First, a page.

To investigate whether the P. berghei homologue of TgNPT1 (PbNPT1) can also transport arginine, we expressed HA-tagged PbNPT1 in Xenopus oocytes (Supplementary Fig. 5d), and measured the uptake of [14C]Arg over 30 min. Under the conditions of the experiment, oocytes expressing PbNPT1-HA showed a significant, 4-fold increase in the uptake of [14C]Arg, relative to uninjected control oocytes (Fig. 8a, P<0.05, Student’s t test, n=3; Supplementary Fig. 5e), consistent with PbNPT1 functioning as an arginine transporter. The substrate specificity of PbNPT1 was investigated by measuring the uptake of [14C]Arg in the presence of a 1 mM concentration of a range of unlabelled amino acids. The uptake of [14C]Arg was reduced by the addition of unlabelled arginine or lysine (P<0.0001, ANOVA, n=3) and, to a lesser extent, by unlabelled ornithine (P<0.001, ANOVA, n=3) or histidine (P<0.05, ANOVA, n=3, Fig. 8b), consistent with PbNPT1 interacting with a range of cationic amino acids and therefore having a broader substrate specificity than TgNPT1. Uptake of [14C]Lys into oocytes expressing PbNPT1 was increased 4-fold relative to that into uninjected control oocytes (Fig. 8a, P<0.05, Student’s t test, n=3; Supplementary Fig. 5f), consistent with PbNPT1 also functioning as a lysine transporter. For both arginine and lysine, the concentration-dependence of PbNPT1-induced uptake showed Michaelis–Menten kinetics (Fig. 8c,d; Supplementary Fig. 5g,h), with the transporter having a higher affinity for arginine (apparent Km=41±9 μM, mean±s.e.m., n=3) than for lysine (apparent Km=130±26 μM, mean±s.e.m., n=3).

Figure 8: PbNPT1 is a cationic amino acid transporter.
Figure 8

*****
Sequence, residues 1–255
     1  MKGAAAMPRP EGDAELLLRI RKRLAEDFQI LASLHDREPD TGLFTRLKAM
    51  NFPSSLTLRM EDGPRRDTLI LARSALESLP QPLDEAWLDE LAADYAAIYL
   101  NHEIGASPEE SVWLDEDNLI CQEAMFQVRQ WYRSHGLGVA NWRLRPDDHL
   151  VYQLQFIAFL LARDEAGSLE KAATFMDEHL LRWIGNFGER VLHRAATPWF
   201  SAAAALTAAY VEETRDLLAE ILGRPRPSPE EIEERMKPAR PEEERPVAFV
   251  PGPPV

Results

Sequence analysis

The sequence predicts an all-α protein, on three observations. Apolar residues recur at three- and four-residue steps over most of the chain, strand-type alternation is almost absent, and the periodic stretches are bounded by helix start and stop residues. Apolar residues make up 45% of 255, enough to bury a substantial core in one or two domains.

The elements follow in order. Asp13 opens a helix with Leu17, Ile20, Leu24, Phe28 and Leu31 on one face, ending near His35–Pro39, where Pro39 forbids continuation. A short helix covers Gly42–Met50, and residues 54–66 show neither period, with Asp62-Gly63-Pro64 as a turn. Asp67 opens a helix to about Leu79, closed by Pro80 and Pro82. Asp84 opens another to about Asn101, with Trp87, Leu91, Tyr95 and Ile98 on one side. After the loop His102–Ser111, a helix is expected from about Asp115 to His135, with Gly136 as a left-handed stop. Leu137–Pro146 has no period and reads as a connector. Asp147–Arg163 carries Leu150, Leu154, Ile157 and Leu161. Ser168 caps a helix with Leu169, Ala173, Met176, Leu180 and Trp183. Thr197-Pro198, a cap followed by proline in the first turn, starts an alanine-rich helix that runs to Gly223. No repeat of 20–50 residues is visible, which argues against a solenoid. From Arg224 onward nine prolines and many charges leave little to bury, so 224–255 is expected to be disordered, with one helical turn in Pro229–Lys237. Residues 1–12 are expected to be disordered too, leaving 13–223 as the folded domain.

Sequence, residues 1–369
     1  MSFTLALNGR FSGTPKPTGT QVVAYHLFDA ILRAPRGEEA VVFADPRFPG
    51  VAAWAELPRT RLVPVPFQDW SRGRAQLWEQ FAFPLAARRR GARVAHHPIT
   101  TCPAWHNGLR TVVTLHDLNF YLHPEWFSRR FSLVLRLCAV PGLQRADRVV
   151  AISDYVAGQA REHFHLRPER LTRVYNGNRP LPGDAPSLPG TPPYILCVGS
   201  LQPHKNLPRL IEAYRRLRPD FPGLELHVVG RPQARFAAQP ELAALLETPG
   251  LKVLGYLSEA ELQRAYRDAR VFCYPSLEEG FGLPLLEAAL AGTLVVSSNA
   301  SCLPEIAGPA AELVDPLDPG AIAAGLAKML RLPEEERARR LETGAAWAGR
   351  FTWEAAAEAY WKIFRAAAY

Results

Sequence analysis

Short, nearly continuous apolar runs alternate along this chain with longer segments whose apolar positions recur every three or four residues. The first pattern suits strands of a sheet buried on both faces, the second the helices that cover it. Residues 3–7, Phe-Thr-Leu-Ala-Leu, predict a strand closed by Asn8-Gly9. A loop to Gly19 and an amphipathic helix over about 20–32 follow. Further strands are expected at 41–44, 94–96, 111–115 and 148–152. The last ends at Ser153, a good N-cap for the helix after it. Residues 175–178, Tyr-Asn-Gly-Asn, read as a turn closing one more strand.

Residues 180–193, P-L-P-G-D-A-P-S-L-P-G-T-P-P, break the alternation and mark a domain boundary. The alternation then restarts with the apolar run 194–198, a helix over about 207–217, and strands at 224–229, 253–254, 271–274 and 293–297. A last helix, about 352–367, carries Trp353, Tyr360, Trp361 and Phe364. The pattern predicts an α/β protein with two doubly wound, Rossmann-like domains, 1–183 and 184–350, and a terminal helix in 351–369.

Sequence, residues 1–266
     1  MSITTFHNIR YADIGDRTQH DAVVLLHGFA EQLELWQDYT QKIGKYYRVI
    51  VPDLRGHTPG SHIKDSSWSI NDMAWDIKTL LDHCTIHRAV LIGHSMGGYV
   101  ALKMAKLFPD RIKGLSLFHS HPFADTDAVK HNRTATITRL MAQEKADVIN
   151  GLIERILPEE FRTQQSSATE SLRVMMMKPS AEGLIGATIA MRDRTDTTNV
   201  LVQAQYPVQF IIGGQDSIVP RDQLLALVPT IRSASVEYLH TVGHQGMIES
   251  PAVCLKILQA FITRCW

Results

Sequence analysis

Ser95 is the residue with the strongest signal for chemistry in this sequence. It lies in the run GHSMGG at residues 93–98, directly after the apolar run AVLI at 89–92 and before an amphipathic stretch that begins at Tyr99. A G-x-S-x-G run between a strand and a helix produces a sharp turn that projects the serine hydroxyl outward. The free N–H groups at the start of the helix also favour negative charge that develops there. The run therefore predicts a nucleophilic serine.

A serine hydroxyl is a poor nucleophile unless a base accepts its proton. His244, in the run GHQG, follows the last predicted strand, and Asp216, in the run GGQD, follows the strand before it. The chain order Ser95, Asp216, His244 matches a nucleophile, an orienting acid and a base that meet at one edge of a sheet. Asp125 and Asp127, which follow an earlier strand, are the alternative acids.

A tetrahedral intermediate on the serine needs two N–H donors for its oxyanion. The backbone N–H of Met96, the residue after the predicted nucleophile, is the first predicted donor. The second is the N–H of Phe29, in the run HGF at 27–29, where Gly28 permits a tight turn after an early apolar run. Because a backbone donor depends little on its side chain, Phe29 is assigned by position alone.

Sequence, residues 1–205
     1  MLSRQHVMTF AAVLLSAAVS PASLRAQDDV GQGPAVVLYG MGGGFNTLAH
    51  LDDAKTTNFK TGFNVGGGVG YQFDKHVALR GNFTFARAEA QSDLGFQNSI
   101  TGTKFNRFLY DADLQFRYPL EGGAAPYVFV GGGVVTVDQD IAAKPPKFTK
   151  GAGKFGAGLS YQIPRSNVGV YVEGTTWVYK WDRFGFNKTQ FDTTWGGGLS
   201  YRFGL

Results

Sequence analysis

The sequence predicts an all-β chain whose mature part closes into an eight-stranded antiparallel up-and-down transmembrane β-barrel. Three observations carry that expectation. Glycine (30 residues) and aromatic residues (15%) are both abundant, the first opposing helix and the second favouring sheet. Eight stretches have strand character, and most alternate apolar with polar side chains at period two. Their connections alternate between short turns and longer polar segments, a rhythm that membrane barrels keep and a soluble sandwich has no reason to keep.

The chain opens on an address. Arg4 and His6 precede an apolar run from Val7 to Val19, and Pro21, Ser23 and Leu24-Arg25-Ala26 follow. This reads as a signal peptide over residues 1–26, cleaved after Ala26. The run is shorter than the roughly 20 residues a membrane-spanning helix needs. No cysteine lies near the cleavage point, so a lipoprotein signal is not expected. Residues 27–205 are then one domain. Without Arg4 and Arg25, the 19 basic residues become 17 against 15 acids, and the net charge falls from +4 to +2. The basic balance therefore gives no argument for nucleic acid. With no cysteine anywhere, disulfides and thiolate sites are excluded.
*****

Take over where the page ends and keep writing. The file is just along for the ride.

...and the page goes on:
(a) Uptake of [14C]Arg and [14C]Lys into X. laevis oocytes expressing PbNPT1-HA (black), or into uninjected controls (grey). The data are derived from the 30 min time points of Supplementary Fig. 5e,f. Uptake was measured in the presence of 289 nM [14C]Arg, 100 μM unlabelled arginine and 125 μM unlabelled methionine or 307 nM [14C]Lys, 100 μM unlabelled lysine and 500 μM unlabelled methionine. The data are averaged from three independent experiments and are shown±s.e.m. (*P<0.05; Student’s t test). (b) Uptake of [14C]Arg into oocytes expressing PbNPT1-HA (black) or uninjected oocytes (grey), incubated in the presence of 289 nM [14C]Arg and in either the absence (control) or presence of a 1 mM concentration of a range of unlabelled amino acids, and 125 μM unlabelled methionine. The data are averaged from three experiments, each conducted on oocytes from a different frog, and are shown±s.e.m. (*P<0.05; ***P<0.001; ****P<0.0001; n.s.=not significant; ANOVA. Where P is not indicated for comparisons between uptake in the presence and absence of unlabelled amino acids in PbNPT1-HA expressing oocytes, the differences are not significant). (c,d) Concentration-dependence of PbNPT1-mediated arginine and lysine transport in X. laevis oocytes expressing PbNPT1-HA. The uptake of [14C]Arg (c) and [14C]Lys (d) was measured over 30 min, in the presence of 125 μM (c) or 500 μM (d) unlabelled methionine. At each of the concentrations tested, uptake measured in control (uninjected) oocytes was subtracted from that in oocytes expressing PbNPT1 to yield PbNPT1-mediated transport. The data were averaged from three experiments, each conducted on oocytes from a different frog, and are shown±s.e.m. The Michaelis–Menten equation was fitted to the data by non-linear regression. For arginine, Km=41±9 μM, mean±s.e.m.; Vmax=2.6±0.1 pmol oocyte−1 min−1, mean±s.e.m. For lysine, Km=130±26 μM, mean±s.e.m.; Vmax=4.4±0.2 pmol oocyte−1 min−1, mean±s.e.m.